On the same day as I found the book, I also came across two little souvenir ponies/donkeys from Corfu, made out of leather.  One is brown and one is grey, so naturally they have become Sea Pie and Cobweb.

It’s sad how I’m reverting to childhood.  It’s something to do with needing/getting comfort wherever you can.

Scratch Messiah


I sang chorus in a Scratch Messiah before Christmas, and found another one just before Easter, so went to that also.  It’s about occupying my mind, and being drawn to familiar things.

I found an amazing website for choral singers that plays you all the parts separately, to help you learn them.  How times have changed – what a wonderful resource.  Easier than trying to pick out all the notes on a keyboard yourself (especially when you no longer have any sort of keyboard).

Some bits of it are so beautiful – I was struck by some of the wonderful answering phrases between the parts.

It’s a long time since I’ve sung in choirs, but these recent experiences have reminded me that the absolutely vital thing is to COUNT to yourself as you follow the music – it’s the key to cracking it.  Now I’m sure everyone who sings in a choir would say; er yes, of course, how else to do it?  But I’ve rediscovered the importance of counting, and what I mean is – as opposed to trying to follow another line and get your cue from that (confusing when the music is so often syncopated), and also as opposed to trying to picture a conductor’s beat, ie beating time with a down beat on the bar (I was doing this at first in my head but kept losing the pattern).

My tip is just to really concentrate, look at each bar as it goes along and count the beat in your head really strictly – one two three four, or one two three.  You need to be absolutely sure of where you are, then you can be confident of coming in correctly.  (Easier said than done of course.)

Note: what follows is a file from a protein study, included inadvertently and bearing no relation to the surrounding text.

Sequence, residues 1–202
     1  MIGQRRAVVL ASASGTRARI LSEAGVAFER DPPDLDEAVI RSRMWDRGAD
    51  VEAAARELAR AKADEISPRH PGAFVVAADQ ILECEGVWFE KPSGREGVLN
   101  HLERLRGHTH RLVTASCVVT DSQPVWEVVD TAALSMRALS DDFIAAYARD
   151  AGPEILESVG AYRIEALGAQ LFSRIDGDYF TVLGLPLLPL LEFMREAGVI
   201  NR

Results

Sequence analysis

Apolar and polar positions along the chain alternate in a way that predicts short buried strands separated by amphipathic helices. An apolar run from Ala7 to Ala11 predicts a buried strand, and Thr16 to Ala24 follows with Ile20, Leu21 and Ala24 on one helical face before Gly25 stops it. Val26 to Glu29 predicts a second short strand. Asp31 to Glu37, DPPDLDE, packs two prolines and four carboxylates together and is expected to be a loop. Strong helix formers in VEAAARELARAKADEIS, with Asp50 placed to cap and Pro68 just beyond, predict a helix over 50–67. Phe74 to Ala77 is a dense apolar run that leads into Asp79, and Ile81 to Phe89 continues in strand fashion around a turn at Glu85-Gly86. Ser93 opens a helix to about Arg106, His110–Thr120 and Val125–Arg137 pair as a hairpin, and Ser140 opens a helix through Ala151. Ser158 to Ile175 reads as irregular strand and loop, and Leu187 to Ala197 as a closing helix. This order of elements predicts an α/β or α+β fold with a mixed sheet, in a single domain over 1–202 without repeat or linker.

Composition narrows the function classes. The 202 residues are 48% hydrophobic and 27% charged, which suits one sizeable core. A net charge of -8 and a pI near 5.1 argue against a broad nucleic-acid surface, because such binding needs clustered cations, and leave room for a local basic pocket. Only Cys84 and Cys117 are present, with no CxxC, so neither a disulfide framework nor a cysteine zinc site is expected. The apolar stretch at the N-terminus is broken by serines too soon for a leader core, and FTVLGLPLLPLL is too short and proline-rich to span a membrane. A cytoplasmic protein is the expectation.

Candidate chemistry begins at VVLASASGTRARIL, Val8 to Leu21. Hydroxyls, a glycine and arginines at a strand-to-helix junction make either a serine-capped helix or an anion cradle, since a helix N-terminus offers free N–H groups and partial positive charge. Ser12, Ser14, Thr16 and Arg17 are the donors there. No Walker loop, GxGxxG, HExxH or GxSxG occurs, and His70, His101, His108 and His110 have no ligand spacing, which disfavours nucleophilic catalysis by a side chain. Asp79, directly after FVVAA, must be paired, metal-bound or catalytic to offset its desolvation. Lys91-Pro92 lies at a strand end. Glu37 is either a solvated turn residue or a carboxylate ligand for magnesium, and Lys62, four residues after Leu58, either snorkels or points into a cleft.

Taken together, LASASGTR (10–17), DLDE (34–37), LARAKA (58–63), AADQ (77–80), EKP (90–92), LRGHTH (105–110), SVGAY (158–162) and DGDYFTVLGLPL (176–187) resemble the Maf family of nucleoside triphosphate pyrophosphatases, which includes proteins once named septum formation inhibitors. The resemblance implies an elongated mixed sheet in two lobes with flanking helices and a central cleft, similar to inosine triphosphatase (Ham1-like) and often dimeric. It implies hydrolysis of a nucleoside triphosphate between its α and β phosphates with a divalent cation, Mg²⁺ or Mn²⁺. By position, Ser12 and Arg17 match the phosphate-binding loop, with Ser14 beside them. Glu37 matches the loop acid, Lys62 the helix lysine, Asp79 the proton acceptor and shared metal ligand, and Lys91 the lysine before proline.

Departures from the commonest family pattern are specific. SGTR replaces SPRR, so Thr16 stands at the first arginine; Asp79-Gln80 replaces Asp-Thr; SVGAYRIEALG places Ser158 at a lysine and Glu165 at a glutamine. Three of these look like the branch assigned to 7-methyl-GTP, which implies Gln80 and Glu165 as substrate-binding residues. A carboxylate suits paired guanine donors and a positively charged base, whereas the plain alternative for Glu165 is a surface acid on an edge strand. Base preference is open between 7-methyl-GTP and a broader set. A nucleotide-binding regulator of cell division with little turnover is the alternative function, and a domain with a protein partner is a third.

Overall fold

My personal objective each time was to sing the thing through and be 100% accurate, ie not get any notes wrong or miss anything out.  I reckon both times I was around 95% right.

One thing made me laugh to myself on the train home.  There’s a chorus which goes ‘Great was the company of the preachers…’ and I was so tired in the evening after rehearsing since noon, that once I sang ‘Great was the company of the creatures…’  Mental image of a vast number of camels, cows, deer, rabbits etc standing on a hillside.

Handel’s Messiah meets The Animals of Farthing Wood!

St John’s Passion

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Went to a performance of St John’s Passion in a lovely big church in Kensington recently.  The choir was very good, well worth listening to, with a lovely rich sound.  I wasn’t that impressed with the tenor though; I thought his diction wasn’t clear enough, and also there was no engagement with the audience.  It’s such a central role, ‘The Evangelist’, such a focal point for the piece, I would have thought it was an opportunity to really make your presence felt, and deliver it in a way that keeps the audience’s attention on you and on the story.  Basically, I don’t think the Evangelist was Evangelical enough.

I enjoyed it all though.  The penultimate chorus is a piece that, rather morbidly, I sometimes have to stop myself singing because I’ve always thought I’d have it played at my funeral.  I sung it years ago at school and it’s got itself deep in my soul.  I’ve always known it as ‘Lie still… (oh sacred limbs lie sleeping, and I will lay aside my weeping…)’.  But in this translation it was ‘Sleep well’.  Oh dear.  I don’t think ‘Sleep well’ has anything like the power of ‘Lie still’ in that context.